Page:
Venture capitalist: Our firm is diverse because it's a 'challenge' to pronounce employees' names

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Diversity is one of the hottest issues in tech today, and in venture capital—which has well-documented diversity problems—executives have been particularly bad at supporting a more inclusive workforce.


That explains why lots of people are mad at John Doerr, a well-known venture capitalist and a partner at Kleiner Perkins Caulfield & Byers, for bragging about his firm's diversity record by saying that the firm has "two new partners who are so diverse that I have a challenge pronouncing their names."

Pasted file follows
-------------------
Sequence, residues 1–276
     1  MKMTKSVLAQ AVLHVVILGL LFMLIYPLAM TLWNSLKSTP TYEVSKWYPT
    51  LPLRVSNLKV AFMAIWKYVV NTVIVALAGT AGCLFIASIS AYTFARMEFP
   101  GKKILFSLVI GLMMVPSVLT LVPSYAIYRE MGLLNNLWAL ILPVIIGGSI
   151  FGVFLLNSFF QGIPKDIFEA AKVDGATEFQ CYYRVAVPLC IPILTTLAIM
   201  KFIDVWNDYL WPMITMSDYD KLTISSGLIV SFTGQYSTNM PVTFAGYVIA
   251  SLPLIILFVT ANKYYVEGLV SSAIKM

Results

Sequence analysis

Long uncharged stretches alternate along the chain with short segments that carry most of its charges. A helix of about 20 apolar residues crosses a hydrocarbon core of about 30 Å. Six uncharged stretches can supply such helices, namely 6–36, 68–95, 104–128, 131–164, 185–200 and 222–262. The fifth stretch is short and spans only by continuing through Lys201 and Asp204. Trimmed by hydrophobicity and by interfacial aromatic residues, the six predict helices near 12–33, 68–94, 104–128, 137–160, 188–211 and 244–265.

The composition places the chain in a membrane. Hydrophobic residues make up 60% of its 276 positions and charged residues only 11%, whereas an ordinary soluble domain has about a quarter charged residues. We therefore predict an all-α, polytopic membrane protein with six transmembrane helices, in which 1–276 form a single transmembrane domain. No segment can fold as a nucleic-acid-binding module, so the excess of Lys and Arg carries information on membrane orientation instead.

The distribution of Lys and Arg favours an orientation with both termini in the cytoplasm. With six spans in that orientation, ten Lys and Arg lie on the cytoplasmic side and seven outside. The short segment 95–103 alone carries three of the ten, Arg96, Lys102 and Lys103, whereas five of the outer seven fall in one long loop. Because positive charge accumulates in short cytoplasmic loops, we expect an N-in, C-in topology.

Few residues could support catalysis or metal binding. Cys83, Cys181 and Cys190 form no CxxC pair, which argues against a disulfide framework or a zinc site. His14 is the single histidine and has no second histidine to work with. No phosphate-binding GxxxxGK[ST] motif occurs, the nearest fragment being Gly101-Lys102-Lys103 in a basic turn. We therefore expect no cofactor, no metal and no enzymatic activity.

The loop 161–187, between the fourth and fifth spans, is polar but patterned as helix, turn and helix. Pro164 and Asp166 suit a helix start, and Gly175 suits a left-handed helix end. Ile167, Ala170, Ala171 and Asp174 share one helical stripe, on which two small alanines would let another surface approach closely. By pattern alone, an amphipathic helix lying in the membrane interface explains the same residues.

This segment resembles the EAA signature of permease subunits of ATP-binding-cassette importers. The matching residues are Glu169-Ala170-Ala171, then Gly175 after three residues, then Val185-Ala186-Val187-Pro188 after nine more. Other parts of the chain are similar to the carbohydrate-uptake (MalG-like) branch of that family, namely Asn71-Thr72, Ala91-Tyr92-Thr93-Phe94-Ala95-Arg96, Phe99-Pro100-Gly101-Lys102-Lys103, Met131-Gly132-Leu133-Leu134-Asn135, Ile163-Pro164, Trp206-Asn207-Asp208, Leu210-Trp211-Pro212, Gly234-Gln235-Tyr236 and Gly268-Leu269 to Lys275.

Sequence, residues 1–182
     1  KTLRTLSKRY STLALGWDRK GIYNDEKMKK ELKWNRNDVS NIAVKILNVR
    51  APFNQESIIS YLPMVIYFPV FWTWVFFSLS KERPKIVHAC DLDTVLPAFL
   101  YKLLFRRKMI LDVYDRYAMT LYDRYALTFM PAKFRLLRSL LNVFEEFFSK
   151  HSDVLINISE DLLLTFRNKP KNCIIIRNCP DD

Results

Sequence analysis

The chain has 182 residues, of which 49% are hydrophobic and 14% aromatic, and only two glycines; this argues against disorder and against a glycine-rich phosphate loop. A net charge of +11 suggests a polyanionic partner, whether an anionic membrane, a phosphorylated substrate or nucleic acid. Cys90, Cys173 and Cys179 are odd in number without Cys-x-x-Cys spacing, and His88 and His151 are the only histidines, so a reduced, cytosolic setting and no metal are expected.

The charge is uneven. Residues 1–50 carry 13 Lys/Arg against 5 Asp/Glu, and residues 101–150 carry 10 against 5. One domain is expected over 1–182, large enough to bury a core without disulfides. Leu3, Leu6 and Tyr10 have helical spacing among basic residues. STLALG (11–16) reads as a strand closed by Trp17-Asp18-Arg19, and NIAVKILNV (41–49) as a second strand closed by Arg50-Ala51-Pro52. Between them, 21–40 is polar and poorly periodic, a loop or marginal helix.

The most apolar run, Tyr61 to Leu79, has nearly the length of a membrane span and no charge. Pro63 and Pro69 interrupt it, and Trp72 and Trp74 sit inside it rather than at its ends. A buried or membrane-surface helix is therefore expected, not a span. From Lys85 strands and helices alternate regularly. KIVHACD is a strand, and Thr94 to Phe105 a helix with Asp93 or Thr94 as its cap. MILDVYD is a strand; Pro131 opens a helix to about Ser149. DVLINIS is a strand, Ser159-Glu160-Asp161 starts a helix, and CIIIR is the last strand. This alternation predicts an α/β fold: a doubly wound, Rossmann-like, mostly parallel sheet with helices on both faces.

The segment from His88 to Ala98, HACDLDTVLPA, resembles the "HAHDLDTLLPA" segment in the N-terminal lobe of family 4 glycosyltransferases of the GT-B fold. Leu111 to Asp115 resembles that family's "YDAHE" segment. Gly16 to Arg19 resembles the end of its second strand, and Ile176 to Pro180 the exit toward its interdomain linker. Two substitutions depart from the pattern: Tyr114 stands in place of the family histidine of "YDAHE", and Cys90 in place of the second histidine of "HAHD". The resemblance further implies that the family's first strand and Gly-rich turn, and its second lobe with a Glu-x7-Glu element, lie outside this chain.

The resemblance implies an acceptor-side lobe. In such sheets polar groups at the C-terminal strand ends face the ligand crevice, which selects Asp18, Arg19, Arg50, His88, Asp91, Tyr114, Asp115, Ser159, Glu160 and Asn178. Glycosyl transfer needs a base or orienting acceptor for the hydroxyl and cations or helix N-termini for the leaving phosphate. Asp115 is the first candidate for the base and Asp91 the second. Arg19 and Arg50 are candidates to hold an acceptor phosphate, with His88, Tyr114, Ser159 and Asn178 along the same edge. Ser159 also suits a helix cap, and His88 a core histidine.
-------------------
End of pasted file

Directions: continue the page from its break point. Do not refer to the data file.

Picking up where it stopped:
Made at the TechCrunch Disrupt conference today, Doerr's remarks immediately set off a firestorm of Twitter criticism:


The issue isn't just that Doerr's comments were tin-eared. It's that Doerr was a central figure in the Ellen Pao case, which involved allegations that KPCB had engaged in systematic gender discrimination against Pao, a former partner. Though Pao ultimately lost the case, it emerged that Pao accused Doerr of saying she had a "female chip on her shoulder." After the trial, KPCB released a diversity report, which was criticized for not including information about ethnic diversity among the firm's employees.


We've reached out to Kleiner Perkins for comment, and will update if we hear back.


Doerr apologized on Twitter:


Michael Rosen is a reporter for Fusion based out of Oakland.